The Flex Belt is one of the most popular electrical muscle stimulators (EMS) on the market, endorsed by many celebrities and which captured a lot of attention among athletes and the general public. The producer claims that using the belt on a regular basis aids significantly in training and improves the fitness of the abdominal muscles. But is it a myth or does it really work?
The Flex Belt Manufacturer
First of all, it is worth mentioning the manufacturer itself – Bio Medical Research Ltd is a company based in Ireland, with over 40 years of experience in developing, producing, and commercializing EMS devices for both medical and consumer use. In fact, over 5000 clinical institutions and hospitals all over the world reliably use their devices for physiotherapeutic procedures.
What Does the FDA Say?
Of all the arguments however, the one which is of utmost importance is that the Food and Drug Administration (FDA) in the U.S has cleared this product as a class II medical device “for toning, strengthening and firming abdominal muscles”, exactly as cited. Given the vigilance and meticulousness of this government organization, it is highly unlikely that the company obtained the right to market this product without demonstrating that it leads to tangible results, that it does exactly what it is supposed to do and that it meets all the regulations for inoffensiveness to the human body, as well as for safety of the assembly and the utilized materials.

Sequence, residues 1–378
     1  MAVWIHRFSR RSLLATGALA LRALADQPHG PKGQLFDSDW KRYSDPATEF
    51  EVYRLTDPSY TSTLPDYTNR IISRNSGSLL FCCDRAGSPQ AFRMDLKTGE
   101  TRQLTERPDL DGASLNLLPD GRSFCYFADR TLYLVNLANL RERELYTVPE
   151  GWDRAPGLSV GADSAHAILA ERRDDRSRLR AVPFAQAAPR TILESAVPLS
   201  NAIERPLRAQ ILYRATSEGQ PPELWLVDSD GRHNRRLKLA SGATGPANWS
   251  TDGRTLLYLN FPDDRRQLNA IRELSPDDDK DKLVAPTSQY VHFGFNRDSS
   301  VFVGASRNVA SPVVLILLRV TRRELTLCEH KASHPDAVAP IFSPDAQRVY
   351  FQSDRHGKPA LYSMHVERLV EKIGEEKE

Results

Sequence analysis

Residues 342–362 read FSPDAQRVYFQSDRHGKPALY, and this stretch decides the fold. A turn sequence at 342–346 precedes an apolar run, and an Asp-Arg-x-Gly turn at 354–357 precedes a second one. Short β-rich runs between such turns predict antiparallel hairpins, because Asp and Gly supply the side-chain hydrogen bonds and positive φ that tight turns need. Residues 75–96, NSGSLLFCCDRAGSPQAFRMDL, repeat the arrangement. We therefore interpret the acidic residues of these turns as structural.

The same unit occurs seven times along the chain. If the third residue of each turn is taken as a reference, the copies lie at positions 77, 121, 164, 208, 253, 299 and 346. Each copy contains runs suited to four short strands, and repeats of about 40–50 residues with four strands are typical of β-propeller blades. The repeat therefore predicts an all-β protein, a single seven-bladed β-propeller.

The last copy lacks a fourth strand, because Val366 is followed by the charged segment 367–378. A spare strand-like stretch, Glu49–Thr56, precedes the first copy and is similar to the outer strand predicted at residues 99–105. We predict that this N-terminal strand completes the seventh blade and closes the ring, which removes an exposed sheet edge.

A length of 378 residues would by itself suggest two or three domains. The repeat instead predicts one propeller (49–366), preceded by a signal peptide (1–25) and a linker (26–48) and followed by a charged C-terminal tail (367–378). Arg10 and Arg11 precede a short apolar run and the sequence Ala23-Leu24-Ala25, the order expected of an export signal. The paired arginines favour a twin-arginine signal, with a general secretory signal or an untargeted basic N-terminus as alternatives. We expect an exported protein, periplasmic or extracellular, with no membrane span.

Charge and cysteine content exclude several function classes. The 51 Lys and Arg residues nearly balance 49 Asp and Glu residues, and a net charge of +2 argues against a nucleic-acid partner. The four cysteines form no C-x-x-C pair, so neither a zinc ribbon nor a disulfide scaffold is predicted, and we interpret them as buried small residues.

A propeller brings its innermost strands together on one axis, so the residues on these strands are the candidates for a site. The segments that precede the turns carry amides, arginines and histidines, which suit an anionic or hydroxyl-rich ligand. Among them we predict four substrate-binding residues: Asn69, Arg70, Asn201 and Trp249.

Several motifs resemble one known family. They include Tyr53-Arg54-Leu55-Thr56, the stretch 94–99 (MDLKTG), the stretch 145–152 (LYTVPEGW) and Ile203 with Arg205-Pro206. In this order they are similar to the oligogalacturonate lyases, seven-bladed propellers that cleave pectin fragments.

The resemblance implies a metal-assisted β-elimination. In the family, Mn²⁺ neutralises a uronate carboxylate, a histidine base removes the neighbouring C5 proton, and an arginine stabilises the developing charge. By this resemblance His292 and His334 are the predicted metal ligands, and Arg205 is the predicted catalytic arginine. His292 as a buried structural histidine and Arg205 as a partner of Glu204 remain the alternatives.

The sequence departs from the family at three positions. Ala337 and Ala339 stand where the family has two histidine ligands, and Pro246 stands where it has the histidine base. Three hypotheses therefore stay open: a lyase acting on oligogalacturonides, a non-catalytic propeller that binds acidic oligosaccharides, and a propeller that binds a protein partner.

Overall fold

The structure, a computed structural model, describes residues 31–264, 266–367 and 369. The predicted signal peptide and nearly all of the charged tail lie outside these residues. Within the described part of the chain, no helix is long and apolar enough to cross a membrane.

The firm backs up its claims of effectiveness through the independent research carried by Dr. John P. Porcari, professor at the University of Wisconsin–La Crosse (working there since 1989), director of the Clinical Exercise Physiology program and Executive Director of the La Crosse Health and Exercise Program, holder of the Award of Excellence from the AACPR in 2010. Dr. Porcari is currently an established expert in the field of electric muscle stimulation devices (after conducting more than 20 distinct clinical studies focused on workout equipment, including the Flex Belt), he was even featured in a 2014 edition of the Time magazine in a similar context.
His study of the Flex Belt, published in 2005 in the Journal of Sports Science and Medicine, monitored a group of 24 adults who used the belt 5 days a week, for eight weeks relative to a control group. He came to the conclusion that the exercise has:
- boosted abdominal strength (by 58%) and endurance (by more than 70%)
- reduced the abdominal circumference (by an average of 3.5 cm= 1.4 inches) due to tighter muscles around the abdomen
- improved self-perceived parameters like abdominal firmness, tone (in all subjects) and even posture (in half of the subjects).
It is worth saying that significant results were also confirmed with similar devices of the Slendertone family of products, which are manufactured by the same company and have the same principle of functioning via EMS. This further adds credibility to the claims of effectiveness.
What Users Say
Last, but not least, there are hundreds of positive reviews on Amazon and eBay for this product by now, with a general satisfaction rate always exceeding 80%, which is a rather telling sign. But it is worth knowing that everybody, including the manufacturer, the athletes and every knowledgeable person would recommend this device as a means to complement your conventional regular exercise and healthy diet, rather than rely on it alone.